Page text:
Although sunstroke took an increasing toll on the line of march, and many of the gentlemen troopers suffered ‘severely from the heavy marching’ (as their horses had yet to arrive from Natal), soldiers rapidly recovered at the camp site which had ample water, trees, shrubs and plenty of fresh meat from nearby sheep, goats and cattle.6 Visitors were surprised to see British soldiers (apart from the Royal Scots) wearing ‘rough corduroy’ suits with their formerly white helmets ‘travel-stained to a dirty brown’.7 Julius M. Price, a volunteer of Methuen’s Horse, confirmed this image of soldiers wearing inconspicuous kit and adapting to local conditions by sketching, for the Illustrated London News, officers in slouch hats and living in makeshift accommodation.8

Engineers, including the telegraph-laying section, and mounted rifles led the way into the disputed territory, with men aware that they had ‘to march up the country to show the natives and Boers our strength’.9 Writing on 4 February, some 80 miles north of Barkly, a trooper acknowledged the sensitivity of the mission: ‘It is a most difficult thing to find out anything about the Boers. We absolutely don’t know if we are going to fight or not . . . Stellaland seems to be quiet; and if we can manage to capture or kill the Freebooters we shall have easy work. But if, on the other hand, we kill a Transvaal Dutchman, there will be a general rising.’10

As the field force pressed on to the village of Taungs, it established an extensive line of communications, with telegraphic connections, wells dug at 12-mile intervals, and detachments posted along the route. The Royal Scots based its headquarters and four companies at Taungs, with detachments at Bank’s Drift, Barkly and Langford ‘holding wells and fords’.11 After two months of trekking northwards, a Port Elizabeth volunteer affirmed that ‘we are in excellent health. We have very fine horses. I do not think that the enemy can fly from their pursuers. The men here who are making money are the parties following the corps selling everything except liquors . . . Our haults [sic] have all been made on the open veldt so as to avoid inebriation’.12 As patrols and outposts failed to find any freebooters in Stellaland, speculation mounted: what had become of them, wrote a colonial volunteer, ‘goodness only knows, though we hear they talked big up to a fortnight of our arrival. They have entirely disappeared. They and their friends confess to being quite funked by the force – so I hear.’13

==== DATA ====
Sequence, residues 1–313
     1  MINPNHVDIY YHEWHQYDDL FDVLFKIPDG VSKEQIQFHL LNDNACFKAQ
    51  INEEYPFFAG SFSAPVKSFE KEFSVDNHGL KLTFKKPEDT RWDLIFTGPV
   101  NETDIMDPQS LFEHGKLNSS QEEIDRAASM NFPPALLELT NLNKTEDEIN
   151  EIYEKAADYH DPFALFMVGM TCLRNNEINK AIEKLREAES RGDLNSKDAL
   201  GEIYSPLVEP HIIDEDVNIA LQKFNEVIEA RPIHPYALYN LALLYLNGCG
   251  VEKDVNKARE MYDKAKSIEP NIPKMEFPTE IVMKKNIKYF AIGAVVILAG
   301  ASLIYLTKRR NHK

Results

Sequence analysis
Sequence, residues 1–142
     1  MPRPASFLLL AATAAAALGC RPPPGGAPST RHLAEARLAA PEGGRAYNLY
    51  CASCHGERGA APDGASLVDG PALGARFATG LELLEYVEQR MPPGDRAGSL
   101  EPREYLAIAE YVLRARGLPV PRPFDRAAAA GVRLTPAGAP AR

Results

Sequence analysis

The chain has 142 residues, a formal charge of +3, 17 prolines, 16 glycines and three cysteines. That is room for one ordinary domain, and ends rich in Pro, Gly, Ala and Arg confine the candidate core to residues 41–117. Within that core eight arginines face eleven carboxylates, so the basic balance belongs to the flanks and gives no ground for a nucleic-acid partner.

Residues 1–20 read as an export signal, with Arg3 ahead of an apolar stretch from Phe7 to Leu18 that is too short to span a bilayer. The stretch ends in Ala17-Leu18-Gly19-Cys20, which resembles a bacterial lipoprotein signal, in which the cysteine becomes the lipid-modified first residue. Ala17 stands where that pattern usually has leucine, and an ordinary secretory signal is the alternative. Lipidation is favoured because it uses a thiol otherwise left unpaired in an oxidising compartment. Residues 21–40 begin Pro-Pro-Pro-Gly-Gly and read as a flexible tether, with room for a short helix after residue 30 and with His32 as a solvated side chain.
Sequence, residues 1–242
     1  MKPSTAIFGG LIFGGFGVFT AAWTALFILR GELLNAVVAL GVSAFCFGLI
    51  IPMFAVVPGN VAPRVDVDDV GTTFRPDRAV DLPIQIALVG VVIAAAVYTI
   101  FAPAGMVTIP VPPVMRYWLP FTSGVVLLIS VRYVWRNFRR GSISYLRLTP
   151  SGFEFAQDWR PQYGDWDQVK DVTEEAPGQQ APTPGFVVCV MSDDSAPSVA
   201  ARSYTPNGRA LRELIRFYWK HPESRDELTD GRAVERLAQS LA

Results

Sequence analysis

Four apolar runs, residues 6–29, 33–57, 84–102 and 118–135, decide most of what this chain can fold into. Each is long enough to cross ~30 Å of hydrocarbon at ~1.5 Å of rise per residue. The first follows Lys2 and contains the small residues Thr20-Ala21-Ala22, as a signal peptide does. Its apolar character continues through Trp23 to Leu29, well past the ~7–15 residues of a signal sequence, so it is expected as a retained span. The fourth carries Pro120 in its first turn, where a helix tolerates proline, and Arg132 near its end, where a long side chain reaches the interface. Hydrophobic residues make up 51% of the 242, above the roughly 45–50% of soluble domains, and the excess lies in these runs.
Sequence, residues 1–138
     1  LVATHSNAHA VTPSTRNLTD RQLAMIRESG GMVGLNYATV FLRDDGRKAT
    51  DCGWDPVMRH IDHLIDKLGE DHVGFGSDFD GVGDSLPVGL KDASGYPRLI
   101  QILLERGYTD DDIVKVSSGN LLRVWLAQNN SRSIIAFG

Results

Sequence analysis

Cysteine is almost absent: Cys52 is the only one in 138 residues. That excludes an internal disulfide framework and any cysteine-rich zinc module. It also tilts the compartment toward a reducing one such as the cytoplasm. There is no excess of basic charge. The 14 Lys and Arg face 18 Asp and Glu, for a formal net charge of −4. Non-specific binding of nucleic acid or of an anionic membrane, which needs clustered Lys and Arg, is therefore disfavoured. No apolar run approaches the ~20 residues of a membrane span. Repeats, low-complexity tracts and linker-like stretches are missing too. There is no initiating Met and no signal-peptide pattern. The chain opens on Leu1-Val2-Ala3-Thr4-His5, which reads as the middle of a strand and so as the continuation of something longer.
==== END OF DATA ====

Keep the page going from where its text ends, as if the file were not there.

Warren, accompanied by 600 dragoons and mounted riflemen, rode north to Vryburg and thence over rolling grassland and through woods of acacia trees to Mafeking, where he sought to restore order in Goshen. He arrived on 9 March and Carrington’s Horse moved up to the frontier at Rooi Gronde on the following day. Only a few Boers remained in the vicinity: as a trooper observed, ‘They generally refuse to speak to an Englishman or at best answer in monosyllables; but the natives seem genuinely pleased to have us among them.’14 As the expeditionary force now languished, patrolling along the frontier until October 1885, officers indulged their passion for shooting and some old soldiers found solace in drink. Several troopers insisted: ‘We are all tired of the bloodless campaign’, and claimed that ‘more than one longed to return as speedily as possible’.15 Warren, though, had to establish a British protectorate over Bechuanaland, and in doing so demonstrated another means of surveillance and control by deploying a balloon on the veld. Major Henry Elsdale, RE, was delighted that his team was able to spend a week in April, often ‘in very unfavourable gusty weather’, conducting reconnaissance operations. ‘We pulled it off by a very narrow margin’, he wrote, ‘for our balloons were designed for Egypt at a low elevation above sea level, and the great elevation here (about 5,000 feet above sea level) is so much against them . . .’.16 The whole exercise was given maximum publicity as colonial reporters described the size and scope of the balloon (20 feet in diameter, containing 10,000 cubic feet of hydrogen gas, and able to float steadily at 1,000 feet), and noted that Elsdale could scan a horizon of over 30 miles’ radius while communicating with the ground by telephone. At least one correspondent concluded that ‘henceforth no army in the field will be complete without its ballooning detachment’.17